Medieval graphic design celebrated in new Bodleian show

Designing English: Graphics on the Medieval Page “charts the skills and innovations of the very first graphic designers of English on the page”

That the manuscripts and other objects created by Anglo-Saxon and medieval scribes, painters and engravers are some of the most beautiful examples of craftsmanship we have is in no doubt, but how much can such work also be thought of as graphic design?

How to tell the age of deer from their antlers: from Gaston Fébus, The Master of Game, translated by Edward of York between 1406 and 1413; copied between 1413 and 1459. Bodleian Libraries, University of Oxford

A new show at the Bodleian Libraries’ Weston Library seeks to place work such as illuminated gospels and objects engraved with lettering within the origins of “early English graphic design”. The exhibition “explores all elements of design, from the materials used, such as the size and shape of animal skins used to create parchment, to the design of texts for different uses, such as for performing songs, plays or music,” the library promises. “Medical texts and practical manuals feature alongside ornate religious texts, including rare examples of unfinished illustrations that reveal the practical processes of making pages and artefacts. The use of English is traced from illicit additions made to Latin texts, to its more general, every day use, and spread to more ephemeral formats.”

In this copy of Gregory the Great’s translated Pastoral Care, sent between 890 and 897 to Wærferth, Bishop of Worcester, the book ‘speaks’ (bottom left) and tells how Alfred ‘sent me to his scribes north and south’.

Some would argue that ‘graphic design’ as we know it begins with the invention of printing with moveable type but this show invites us to look further back in history. “In an age when each book was made uniquely by hand, each book was an opportunity for redesigning,” it points out. “The introduction of English text [as opposed to Latin] posed questions: How did scribes choose to arrange the words and images on the page in each manuscript? How did they preserve, clarify and illustrate writing in English? What visual guides were given to early readers of English in how to understand or use their books?”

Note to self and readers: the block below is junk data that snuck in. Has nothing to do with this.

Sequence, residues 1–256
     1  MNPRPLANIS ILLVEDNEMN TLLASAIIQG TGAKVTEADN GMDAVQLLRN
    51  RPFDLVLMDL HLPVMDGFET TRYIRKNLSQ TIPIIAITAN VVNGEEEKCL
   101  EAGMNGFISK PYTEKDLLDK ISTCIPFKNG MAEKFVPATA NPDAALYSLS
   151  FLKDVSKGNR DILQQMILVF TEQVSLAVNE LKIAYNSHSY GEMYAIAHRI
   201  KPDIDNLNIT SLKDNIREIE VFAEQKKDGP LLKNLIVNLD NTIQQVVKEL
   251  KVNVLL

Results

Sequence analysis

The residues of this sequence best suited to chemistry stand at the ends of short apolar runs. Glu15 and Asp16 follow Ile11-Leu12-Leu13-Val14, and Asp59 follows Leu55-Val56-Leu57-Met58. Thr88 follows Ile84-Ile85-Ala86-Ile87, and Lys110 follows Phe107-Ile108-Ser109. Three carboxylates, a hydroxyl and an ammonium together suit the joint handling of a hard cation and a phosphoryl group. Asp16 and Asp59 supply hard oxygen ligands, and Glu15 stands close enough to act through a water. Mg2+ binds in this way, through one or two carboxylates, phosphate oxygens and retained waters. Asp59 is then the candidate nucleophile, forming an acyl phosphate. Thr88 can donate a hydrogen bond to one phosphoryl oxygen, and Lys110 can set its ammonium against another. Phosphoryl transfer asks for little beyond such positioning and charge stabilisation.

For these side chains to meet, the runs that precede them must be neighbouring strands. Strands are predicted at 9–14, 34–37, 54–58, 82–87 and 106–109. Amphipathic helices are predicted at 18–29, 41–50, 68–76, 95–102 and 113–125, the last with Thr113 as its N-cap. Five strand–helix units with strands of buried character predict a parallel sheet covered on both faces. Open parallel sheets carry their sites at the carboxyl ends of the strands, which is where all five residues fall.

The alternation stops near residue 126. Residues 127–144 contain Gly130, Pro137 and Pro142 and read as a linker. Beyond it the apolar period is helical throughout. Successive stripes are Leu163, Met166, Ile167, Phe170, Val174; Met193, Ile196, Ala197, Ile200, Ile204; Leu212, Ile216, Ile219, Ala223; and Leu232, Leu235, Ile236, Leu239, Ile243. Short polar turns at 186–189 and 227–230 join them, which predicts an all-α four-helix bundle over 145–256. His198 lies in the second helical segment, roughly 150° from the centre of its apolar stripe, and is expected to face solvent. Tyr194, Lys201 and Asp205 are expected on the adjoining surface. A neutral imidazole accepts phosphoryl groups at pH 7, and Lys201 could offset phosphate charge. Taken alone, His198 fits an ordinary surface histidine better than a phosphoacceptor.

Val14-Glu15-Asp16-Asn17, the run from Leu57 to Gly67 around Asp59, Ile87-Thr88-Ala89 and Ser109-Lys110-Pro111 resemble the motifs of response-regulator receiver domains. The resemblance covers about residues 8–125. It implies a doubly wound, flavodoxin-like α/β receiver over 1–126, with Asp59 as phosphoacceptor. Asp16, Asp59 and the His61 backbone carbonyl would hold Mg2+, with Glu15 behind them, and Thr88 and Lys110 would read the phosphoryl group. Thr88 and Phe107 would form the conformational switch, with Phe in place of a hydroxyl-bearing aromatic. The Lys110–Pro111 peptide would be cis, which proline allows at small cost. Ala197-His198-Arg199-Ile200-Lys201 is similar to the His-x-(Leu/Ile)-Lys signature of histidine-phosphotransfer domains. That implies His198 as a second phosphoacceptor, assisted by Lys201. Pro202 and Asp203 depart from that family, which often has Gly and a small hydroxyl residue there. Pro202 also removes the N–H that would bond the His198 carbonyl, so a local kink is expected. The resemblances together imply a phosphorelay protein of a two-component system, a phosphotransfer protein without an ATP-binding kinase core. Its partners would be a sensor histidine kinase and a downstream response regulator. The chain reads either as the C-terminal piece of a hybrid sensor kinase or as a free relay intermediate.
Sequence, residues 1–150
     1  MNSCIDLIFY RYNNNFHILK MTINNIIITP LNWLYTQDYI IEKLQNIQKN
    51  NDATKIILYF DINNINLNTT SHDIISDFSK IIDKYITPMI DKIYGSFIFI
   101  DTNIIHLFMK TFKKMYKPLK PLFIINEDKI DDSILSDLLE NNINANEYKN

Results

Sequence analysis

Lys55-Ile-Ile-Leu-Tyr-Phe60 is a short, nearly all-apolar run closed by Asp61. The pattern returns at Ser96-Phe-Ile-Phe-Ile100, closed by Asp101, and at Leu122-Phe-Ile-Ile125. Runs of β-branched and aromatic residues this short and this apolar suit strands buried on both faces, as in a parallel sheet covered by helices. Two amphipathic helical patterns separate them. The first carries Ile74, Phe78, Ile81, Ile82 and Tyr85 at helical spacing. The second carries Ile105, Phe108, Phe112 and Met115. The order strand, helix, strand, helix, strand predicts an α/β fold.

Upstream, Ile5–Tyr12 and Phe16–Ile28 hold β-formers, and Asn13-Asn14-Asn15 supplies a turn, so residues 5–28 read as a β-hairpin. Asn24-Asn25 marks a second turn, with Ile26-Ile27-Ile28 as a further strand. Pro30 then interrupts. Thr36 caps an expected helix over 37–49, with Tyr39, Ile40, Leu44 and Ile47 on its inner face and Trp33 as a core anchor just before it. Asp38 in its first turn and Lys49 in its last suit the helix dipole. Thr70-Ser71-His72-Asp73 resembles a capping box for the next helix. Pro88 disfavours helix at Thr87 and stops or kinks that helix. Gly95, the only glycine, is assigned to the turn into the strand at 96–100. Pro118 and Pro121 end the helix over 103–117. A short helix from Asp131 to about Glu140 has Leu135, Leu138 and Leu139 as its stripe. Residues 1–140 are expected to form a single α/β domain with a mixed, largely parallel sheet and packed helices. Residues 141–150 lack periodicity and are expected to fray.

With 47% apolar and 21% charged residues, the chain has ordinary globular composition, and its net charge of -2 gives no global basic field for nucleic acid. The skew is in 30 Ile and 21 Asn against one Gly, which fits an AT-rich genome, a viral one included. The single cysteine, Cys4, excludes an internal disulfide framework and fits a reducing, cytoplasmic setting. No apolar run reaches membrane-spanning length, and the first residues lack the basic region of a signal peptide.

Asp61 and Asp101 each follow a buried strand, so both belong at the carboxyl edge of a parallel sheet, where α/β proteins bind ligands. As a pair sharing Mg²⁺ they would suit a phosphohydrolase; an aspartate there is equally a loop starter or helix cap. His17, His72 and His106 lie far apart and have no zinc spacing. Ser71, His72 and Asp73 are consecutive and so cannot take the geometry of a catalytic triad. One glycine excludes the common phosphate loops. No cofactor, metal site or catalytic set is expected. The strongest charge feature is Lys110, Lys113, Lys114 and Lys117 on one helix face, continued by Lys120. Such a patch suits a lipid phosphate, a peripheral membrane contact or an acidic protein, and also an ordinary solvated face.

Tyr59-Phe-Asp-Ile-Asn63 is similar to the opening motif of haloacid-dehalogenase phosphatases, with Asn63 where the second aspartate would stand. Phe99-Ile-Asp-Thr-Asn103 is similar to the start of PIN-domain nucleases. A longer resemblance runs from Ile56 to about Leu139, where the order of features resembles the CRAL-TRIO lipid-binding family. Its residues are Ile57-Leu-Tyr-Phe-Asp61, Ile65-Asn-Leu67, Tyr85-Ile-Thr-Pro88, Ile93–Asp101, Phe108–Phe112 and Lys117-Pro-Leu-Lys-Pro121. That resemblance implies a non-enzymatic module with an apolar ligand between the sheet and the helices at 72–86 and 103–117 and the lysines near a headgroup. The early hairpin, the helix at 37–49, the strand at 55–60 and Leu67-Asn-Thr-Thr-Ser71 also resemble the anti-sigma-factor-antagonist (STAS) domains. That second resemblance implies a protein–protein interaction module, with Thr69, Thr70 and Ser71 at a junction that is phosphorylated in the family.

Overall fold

The Alfred Jewel, thought to be the handle of an ‘æstel’, a pointing tool used to help read text. Ashmolean Museum, University of Oxford
Gold ring found at Godstow Priory, Oxford. The inscription reads ‘Most in mind and in mine heart, loathest from you far to depart’. British Museum

Designing English is curated by Daniel Wakelin, Jeremy Griffiths Professor of Medieval English Palaeography at the University of Oxford, which is one of the few posts in the world dedicated to the study of medieval English manuscripts. “Medieval writers had to be graphic designers every time they wrote or carved their words,” he says, “Tracing the earliest uses of English, from illicit annotations on Latin texts, to more everyday jottings in ephemeral formats, this exhibition celebrates the imagination and skill of these early writers. Their craft and inventiveness resonates today when digital media allow users to experiment with design through word processing, social media and customised products.”

The Twenty Jordans, MS. Ashmole 1413. These are flasks of urine. Diagnosing disease from the colour of urine was common in medieval medicine; almost five hundred copies survive of writings in English alone on this topic. The colours are striking; if your urine is black like lead, you’re not well. But as important is the layout: the pictures run across facing pages, so that you can compare samples easily. These pages not only illustrate colour; they organise knowledge in orderly form.
Astronomical ‘volvelle’ diagram. Such 3D disks revolving on string or a twist of parchment allowed the user to make calculations for the phases of the moon and time of night
In this copy of The Canterbury Tales, the initial, border, running head and title help the reader to navigate the text
A late-eighth-century or early-ninth-century Latin Gospel, painted in Ireland by Macregol, perhaps abbot of Birr, County Offaly. English translations were added to the original Latin text by medieval scholars

Designing English: Graphics on the Medieval page is at The Weston Library, Bodleian Libraries, Oxford from December 1 to April 22. Admission is free

All images: Bodleian Libraries, University of Oxford unless otherwise stated